Its summer, school is out and it’s the perfect time for a family get-away! It doesn’t matter if you are planning a full-fledged vacation or a weekend retreat, time away with your family creates memories, teaches your children about new places, introduces them to new people and allows them to explore and discover new things.
For many, vacation time is an exciting time, but for a child that has been diagnosed with autism, it can be an unsettling time. Unfortunately, some children on the spectrum have a difficult time with new places, people and schedules; so here are some great tips to help make your family vacation a more enjoyable one.
It is important to make sure you prepare your child who has been diagnosed with autism for a new adventure. When headed to unfamiliar places, showing our child a brochure, website, or book about the locations you will be visiting will get them prepared and excited for what they will be seeing and doing. Show them your hotel, the room you booked, the types of activities the hotel offers or tours you want to take them on. Show them pictures of the local foods etc. It is also important (if you are flying to a destination), to prepare them for the plane ride. It’s great to show your child on the spectrum pictures of planes (both the interior and exterior), and even take them to the airport to watch the planes land and take off).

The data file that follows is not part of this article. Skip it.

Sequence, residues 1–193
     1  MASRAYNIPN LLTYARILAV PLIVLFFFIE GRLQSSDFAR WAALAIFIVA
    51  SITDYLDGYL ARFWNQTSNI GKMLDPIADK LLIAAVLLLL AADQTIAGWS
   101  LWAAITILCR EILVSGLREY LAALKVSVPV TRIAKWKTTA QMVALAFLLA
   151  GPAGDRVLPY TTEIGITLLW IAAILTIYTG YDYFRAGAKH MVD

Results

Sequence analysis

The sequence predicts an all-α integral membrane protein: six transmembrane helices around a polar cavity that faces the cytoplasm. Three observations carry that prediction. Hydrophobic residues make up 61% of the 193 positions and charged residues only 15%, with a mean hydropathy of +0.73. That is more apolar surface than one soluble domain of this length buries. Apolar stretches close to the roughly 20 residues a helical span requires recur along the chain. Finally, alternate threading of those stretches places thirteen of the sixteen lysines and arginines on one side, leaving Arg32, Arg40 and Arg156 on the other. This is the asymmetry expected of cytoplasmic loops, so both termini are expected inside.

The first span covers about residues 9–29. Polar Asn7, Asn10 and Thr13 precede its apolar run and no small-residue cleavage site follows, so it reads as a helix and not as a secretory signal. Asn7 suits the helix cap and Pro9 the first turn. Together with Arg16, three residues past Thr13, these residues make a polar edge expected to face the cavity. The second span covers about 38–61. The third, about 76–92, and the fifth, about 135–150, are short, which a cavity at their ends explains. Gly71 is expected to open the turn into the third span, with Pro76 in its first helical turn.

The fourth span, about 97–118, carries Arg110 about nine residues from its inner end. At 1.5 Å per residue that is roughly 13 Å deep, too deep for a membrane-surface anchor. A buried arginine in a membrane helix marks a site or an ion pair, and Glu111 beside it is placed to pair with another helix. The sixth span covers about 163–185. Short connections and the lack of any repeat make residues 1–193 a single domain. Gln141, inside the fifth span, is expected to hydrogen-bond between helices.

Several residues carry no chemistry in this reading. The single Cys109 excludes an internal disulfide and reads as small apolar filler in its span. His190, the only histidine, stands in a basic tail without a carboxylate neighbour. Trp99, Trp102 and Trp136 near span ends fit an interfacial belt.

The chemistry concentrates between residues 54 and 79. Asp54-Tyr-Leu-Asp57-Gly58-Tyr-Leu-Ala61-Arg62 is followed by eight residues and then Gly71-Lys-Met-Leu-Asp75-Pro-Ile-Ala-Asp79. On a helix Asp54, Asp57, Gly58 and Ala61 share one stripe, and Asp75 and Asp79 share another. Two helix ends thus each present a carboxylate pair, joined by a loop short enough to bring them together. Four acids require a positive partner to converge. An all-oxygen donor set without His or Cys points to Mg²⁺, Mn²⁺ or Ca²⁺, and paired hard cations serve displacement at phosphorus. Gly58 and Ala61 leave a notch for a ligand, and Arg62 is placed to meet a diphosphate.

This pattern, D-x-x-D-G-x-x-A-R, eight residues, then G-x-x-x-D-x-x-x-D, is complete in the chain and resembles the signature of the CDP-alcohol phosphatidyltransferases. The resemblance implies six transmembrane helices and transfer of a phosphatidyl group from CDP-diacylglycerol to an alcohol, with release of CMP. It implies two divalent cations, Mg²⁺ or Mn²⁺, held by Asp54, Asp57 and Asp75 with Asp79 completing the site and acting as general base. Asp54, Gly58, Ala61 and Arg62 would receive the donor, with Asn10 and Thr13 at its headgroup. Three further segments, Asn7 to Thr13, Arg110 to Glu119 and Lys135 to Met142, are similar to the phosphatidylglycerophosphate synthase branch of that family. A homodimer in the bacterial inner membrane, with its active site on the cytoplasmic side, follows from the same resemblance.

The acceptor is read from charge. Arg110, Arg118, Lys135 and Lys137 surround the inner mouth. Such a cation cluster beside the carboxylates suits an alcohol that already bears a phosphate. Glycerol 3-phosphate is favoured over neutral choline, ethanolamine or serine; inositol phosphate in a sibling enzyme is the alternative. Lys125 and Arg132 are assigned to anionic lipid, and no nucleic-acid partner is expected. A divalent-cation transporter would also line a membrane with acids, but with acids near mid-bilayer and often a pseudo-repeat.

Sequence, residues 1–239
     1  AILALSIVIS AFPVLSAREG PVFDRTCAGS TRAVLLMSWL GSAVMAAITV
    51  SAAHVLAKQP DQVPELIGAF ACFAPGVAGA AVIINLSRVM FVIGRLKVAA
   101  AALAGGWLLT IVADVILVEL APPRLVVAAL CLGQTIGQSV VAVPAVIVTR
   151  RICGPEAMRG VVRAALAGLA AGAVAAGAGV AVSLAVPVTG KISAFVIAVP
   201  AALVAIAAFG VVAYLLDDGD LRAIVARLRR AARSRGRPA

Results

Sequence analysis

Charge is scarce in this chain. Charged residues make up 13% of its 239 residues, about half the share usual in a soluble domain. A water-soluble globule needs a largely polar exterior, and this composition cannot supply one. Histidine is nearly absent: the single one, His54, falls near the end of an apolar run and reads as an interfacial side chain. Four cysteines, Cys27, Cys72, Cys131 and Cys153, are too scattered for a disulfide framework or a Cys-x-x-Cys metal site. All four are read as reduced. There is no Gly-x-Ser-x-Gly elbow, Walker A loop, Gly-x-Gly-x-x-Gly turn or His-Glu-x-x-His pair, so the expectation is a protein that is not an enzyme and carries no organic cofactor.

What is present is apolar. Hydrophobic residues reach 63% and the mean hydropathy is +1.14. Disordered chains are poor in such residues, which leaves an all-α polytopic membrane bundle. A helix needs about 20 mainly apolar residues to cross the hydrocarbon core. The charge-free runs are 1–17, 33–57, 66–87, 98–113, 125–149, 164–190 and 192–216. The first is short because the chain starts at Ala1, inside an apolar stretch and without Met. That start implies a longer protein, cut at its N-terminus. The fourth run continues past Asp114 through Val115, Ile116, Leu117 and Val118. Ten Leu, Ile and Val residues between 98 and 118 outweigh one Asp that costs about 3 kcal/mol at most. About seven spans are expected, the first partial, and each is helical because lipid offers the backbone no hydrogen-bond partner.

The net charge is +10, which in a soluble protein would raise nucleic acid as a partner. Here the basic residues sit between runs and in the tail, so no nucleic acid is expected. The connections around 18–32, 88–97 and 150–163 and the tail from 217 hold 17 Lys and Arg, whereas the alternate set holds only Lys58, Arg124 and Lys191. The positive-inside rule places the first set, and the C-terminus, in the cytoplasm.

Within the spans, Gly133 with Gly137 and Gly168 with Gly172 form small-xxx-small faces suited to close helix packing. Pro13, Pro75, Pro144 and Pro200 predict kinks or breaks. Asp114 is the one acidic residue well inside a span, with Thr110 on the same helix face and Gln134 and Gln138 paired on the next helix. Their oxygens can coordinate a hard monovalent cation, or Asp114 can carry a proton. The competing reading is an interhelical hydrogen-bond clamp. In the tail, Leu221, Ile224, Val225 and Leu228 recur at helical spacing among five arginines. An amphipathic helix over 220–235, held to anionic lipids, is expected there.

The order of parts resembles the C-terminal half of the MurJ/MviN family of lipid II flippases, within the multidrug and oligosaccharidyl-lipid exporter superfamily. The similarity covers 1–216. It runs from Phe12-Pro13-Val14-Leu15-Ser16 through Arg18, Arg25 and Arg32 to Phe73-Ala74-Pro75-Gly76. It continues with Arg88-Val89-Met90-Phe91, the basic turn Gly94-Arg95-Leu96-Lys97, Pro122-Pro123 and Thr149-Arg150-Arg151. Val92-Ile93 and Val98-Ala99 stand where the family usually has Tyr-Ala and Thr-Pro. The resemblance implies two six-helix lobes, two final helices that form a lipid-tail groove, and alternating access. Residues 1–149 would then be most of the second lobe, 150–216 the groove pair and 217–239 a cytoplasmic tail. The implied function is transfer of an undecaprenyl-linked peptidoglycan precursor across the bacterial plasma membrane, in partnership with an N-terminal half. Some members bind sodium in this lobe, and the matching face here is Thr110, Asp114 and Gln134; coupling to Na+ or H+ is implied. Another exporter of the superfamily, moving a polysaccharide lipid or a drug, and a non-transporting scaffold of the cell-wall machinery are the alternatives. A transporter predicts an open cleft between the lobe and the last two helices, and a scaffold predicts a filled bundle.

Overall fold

Practicing using your inside voice, keeping your seatbelt on and other securities processes and etiquette will also ensure a smooth flight.
Involve your kids in the planning process. Let them pick an activity they want to do, allow them to help while you pack their suitcase or bag and use this opportunity to disc topics like what the weather will be like, if it’s a casual trip, if there will be an event to dress up for etc. Also let your child pack their own bag of toys, games and activity books that they will enjoy either in the car or on the plane so that they are occupied during long travel times, delays or when unexpected situations come up.
Many children who have been diagnosed with autism have a hard time when schedules shift or change. Although you may not be able to keep their schedule exactly the way it is at home, try to figure out a way to offer them some sort of consistent schedule while away. Creating a written or picture schedule for your trip can help your child on the spectrum transition, also verbal reminders work wonderfully at notifying your child of schedule changes. By making sure your child has some sort of consistency while you are away, you allow for a less stressful, more relaxing vacation.
It is important to make time to relax. Many times families feel that they need to overschedule their activities while on vacation. In between running from location to location try to plan some downtime to rest, play games, read or nap with your child. Downtime will reenergize your child on the spectrum and will allow them to process each activity and event.
Don’t forget to talk to your child on the spectrum about the things you have done together as a family, while you were away. Take lots of pictures and even allow your child to take pictures of things that they like and want to remember. Buy your child a journal before the trip and encourage them to write about each day during down time. Have them add their ticket stubs, images, brochures etc. in the journal as well so that they can look back at it any time and remember the fun they had. By talking about your trip and looking at images of the places you went, the people you met and the things you saw, you give your child the opportunity to remember their experiences.
Family vacations are meant to be fun, so now that you know how to prepare your child for what to expect, go enjoy your family vacation and travel safe! We wish you all a very happy and safe summer, filled with fun times and great memories.